Wednesday, October 26, 2016

The two sides of observation and the positive and negative sides of absorption

When we become caught, completely fish-hooked, completely absorbed by one of the many varieties of personality glitches such as anger (If he does that one more time, I’ll throw him off a cliff!!!!), we meet up with what the Buddhists call the kleshas or what the Sufis call the nafs. The nafs in its unrefined state, is "the ego", the lowest dimension of a person's inward animalistic existence. (I can’t stand that person.) We’re all familiar with the nafs: that passionate, sudden, and unexpected uprising of fury, or tears, or frustration, or unbalanced ecstasy, or uncontrollable giddiness, or, one of a whole range of emoli icons. We ask our self, “Where did that arise from? Why am I screaming at this person?” Why am I so out of control? How could I be so dumb?”
To undo the emotional charge of the nafs (Oh no, I definitely blew that interview....), one method is to observe the arising, the continuance and the dissipation of the particular emotional glitch that completely absorbs our attention. Observing the nafs allows us to place a tiny wedge into the nafs with our seeing or our sensing of it. As each particular nafs arise (Why is my girlfriend paying so much attention to that guy?), we can learn to initiate the observation process more quickly and become more efficient in our ability to observe. Ironically, the more often a particular nafs arises, the greater is the opportunity for us to improve our power of observation. And the stronger our observation power becomes, the weaker the nafs becomes.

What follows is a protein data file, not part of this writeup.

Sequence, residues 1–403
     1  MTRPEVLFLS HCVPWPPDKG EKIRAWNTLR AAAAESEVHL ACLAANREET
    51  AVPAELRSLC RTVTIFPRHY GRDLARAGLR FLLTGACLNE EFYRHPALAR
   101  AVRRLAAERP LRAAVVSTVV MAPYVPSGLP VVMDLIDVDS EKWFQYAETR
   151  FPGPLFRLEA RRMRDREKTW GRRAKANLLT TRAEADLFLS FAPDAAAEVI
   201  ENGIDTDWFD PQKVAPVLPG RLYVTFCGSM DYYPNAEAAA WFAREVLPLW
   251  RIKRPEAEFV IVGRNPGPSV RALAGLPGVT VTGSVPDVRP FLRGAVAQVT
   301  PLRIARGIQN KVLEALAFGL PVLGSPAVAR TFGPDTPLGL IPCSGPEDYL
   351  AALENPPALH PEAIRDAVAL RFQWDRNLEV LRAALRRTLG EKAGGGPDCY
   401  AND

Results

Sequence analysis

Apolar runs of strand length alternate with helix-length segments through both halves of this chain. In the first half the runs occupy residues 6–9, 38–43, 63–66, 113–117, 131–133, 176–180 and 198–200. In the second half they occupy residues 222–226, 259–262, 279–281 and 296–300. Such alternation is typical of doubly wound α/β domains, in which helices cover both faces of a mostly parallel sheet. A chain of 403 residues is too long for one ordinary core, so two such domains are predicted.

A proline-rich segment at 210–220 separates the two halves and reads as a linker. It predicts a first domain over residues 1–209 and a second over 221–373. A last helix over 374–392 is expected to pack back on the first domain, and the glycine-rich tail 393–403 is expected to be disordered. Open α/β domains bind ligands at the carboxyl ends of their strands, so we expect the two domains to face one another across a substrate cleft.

In this process of observation, there is the separation from the distraction which negatively absorbs our attention and from that which disables our ability to be present to the world around us.
In the practices of concentration and contemplation, we suspend the brain’s function to name, to analyze and to compare. We simply observe that which we are placing our attention upon (a flower?) or that which we are contemplating. We learn that with intense but relaxed observation, we begin to lose our ‘I-ness’. This absorptive experience is the initial experience, the so-called first date, with the concept of union, with Oneness. In Oneness, there is no this and that. No duality. When there is the complete merging of the Beloved and the lover, even observation gets left behind. There can be no witness in complete absorption. Between the lover and the Beloved, there can only be the act of loving. The first date becomes a marriage. Samsara is Nirvana. This is That. Hence in Buddhism, there is the mantra Gate Gate Para Gate Parasamgate Bodhi Sva Ha. In Sufism, we say the Wasifa “Ahad”.
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adrian symonds
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